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The Fichier National Automatisé des Empreintes Génétiques (English: Automated National File of Genetic Prints) is the French national DNA database, used by both the national police force and local gendarmerie.

Origins and evolution

In June 1998, the Guigou law on the prevention of sexually-related crimes, passed by the Plural Left Lionel Jospin government, created a national DNA database. The implementation, originally planned for 1999, was finally completed in 2001, with the database itself located at Écully in the Rhône, managed by a subdirectorate of the technical and scientific departments of the French police force.

In the aftermath of the September 11 attacks on the USA in 2001, the French government increased the scope of the database to include DNA related to other serious criminal offences, such as voluntary manslaughter, criminal violence and terrorism.

A further 'law for interior safety' introduced on 18 March 2003 expanded the scope still further to cover almost all violent crimes to people or property, serious crimes such as drug trafficking, simple thefts, tags and dégradations, and finally almost all small offenses, but not traffic offenses or crimes committed abroad. Samples are taken from convicted persons and also from simple suspects. The law does not specify a minimum age.[1]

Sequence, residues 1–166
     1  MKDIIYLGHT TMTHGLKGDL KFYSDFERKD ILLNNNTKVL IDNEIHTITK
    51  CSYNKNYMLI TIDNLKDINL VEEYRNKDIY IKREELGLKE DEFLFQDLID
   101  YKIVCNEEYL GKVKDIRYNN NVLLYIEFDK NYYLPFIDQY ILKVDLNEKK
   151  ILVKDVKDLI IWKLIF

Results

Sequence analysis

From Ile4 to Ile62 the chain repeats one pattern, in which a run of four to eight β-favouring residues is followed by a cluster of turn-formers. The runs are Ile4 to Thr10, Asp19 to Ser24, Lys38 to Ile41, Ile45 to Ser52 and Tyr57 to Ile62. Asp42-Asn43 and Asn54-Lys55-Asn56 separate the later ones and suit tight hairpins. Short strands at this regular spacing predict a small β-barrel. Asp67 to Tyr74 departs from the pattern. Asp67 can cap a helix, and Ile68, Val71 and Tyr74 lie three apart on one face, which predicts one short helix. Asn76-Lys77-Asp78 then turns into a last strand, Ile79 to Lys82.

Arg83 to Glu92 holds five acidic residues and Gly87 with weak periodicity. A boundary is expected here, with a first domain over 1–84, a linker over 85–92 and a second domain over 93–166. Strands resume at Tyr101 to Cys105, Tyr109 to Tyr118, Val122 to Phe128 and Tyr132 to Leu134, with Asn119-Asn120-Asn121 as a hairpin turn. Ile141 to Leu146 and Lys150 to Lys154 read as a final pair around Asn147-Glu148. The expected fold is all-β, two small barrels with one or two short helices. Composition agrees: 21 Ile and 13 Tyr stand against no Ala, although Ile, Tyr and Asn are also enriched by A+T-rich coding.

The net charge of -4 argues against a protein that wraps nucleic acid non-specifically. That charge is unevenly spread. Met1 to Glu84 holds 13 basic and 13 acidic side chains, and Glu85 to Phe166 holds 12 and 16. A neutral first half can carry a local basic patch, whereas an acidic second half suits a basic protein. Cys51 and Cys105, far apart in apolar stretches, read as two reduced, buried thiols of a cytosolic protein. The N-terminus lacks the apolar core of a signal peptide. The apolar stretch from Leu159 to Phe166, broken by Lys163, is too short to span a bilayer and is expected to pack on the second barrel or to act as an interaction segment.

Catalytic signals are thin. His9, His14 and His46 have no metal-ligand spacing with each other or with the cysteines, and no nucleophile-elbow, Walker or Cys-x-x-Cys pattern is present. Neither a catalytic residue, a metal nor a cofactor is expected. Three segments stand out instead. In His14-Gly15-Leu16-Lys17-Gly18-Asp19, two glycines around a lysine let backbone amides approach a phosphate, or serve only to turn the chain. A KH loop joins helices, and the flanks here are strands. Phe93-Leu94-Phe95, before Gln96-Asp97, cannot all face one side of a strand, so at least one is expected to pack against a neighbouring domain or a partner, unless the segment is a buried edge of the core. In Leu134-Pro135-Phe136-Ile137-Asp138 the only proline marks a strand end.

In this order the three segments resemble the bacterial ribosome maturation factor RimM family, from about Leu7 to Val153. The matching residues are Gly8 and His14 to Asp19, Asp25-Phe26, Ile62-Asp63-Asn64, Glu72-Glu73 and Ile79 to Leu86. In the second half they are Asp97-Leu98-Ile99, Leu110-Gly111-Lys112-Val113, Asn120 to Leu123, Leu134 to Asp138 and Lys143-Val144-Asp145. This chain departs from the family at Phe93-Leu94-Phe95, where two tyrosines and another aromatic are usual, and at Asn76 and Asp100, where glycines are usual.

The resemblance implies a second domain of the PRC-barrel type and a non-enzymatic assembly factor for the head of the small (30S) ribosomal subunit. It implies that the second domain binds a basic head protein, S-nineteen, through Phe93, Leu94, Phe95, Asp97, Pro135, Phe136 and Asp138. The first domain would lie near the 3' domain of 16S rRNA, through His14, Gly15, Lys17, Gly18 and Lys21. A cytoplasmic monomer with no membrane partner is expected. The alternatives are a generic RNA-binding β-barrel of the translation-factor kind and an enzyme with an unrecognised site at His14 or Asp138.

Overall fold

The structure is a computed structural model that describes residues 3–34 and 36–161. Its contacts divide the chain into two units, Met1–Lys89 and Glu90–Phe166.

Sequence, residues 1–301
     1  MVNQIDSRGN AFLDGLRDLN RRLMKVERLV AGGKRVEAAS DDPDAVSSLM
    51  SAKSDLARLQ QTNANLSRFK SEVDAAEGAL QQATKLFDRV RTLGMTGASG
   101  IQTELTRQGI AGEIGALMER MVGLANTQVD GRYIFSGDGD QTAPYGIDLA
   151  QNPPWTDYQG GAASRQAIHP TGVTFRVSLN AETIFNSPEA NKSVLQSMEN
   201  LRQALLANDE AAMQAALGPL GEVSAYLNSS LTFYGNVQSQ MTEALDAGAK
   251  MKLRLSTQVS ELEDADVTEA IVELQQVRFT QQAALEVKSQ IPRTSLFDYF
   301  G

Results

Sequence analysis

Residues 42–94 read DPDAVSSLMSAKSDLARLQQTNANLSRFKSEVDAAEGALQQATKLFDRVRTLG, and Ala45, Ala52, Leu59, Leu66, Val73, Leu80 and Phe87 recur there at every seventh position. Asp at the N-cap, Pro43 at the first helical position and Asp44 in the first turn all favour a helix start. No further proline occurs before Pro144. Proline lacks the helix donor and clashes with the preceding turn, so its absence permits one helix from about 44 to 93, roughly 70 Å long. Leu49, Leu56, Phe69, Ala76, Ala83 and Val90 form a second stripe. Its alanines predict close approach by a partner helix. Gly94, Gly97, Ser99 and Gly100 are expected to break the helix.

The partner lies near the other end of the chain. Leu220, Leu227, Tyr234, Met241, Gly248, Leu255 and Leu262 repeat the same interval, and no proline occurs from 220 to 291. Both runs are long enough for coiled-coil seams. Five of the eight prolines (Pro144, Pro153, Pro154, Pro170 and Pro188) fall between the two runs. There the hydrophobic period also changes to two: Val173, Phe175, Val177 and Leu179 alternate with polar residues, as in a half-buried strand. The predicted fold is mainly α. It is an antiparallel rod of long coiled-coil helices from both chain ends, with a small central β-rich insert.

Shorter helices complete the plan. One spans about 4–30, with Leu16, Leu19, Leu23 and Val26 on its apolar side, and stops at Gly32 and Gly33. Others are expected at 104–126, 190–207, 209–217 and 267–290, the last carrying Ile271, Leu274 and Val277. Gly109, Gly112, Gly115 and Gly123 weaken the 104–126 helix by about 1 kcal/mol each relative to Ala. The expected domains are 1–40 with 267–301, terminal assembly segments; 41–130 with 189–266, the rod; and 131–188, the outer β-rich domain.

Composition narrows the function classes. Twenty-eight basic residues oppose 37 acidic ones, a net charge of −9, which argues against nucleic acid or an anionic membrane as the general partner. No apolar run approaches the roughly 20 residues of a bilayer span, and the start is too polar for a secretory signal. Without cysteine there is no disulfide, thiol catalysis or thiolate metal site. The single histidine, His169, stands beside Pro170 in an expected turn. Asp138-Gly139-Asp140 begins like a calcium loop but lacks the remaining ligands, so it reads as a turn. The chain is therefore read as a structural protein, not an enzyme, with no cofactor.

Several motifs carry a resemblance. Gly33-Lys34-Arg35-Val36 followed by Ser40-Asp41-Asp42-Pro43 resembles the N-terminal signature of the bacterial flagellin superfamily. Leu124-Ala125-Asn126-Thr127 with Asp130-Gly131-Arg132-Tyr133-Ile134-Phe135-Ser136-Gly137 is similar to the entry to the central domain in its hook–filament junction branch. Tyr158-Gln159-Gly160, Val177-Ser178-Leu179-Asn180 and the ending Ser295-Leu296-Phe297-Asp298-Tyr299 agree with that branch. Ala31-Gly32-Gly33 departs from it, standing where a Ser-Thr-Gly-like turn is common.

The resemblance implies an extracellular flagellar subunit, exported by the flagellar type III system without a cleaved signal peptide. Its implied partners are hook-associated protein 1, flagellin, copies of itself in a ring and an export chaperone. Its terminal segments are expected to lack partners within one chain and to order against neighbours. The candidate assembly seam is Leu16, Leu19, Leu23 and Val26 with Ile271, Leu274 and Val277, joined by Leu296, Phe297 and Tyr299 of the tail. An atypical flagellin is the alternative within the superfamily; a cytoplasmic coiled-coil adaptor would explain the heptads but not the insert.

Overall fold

In September 2009, Matthieu Bonduelle, the general secretary of the Syndicat de la Magistrature (the first syndicat of juges) has declared that "nobody defends a universal database, but, in fact, it is being done."[2][3]

Relative size

  • As at 1 October 2003, FNAEG was understood to contain the DNA records of approximately 8,000 convicted criminals and another 3,200 suspects.
  • In 2006, this number was believed to now be in excess of 330,000 entries.[4]
  • In May 2007, this number was believed to now be in excess of nearly 500,000 entries .[5]
  • In December 2009, there was 1.27 million entries.[6]

Privacy concerns

With the expansion of the database in 2003, it also became an offence for suspects to fail to provide a DNA sample, with punishment ranging from a prison sentence of between six months and two years, and a fine of between EUR7500 and EUR30000.

At the end of 2006, the media raised the case of individuals refusing to provide DNA samples. Many of them were civil disobedience activists opposed to Genetically modified organism (GMO) (See fr:Faucheurs volontaires). Although this was only around 200 cases, they denounced what they regarded as a threat to personal freedom.

See also


  1. ^ (in French) A 8 et 11 ans, ils sont menacés de fichage génétique pour vol de jouets dans Le Monde daté du 05 mai 2007
  2. ^ Le Canard enchaîné, (in French) "L'ADN fiche la trouille", article of Dominique Simonnot, mercredi 16 septembre 2009, p. 4.
  3. ^ Ouvrez la bouche, vous êtes fiché, article in Le Monde, of 18 September 2009.
  4. ^ (in French) A 8 et 11 ans, ils sont menacés de fichage génétique pour vol de jouets, Le Monde 7 May 2007
  5. ^ (in French) le Figaro du 16, (in French) Record d'enquêtes élucidées grâce à l'ADN, article of Mathieu Delahousse
  6. ^ (in French) official declaration 2010/01/12

External links

  This article uses material from the Wikipedia page available here. It is released under the Creative Commons Attribution-Share-Alike License 3.0.



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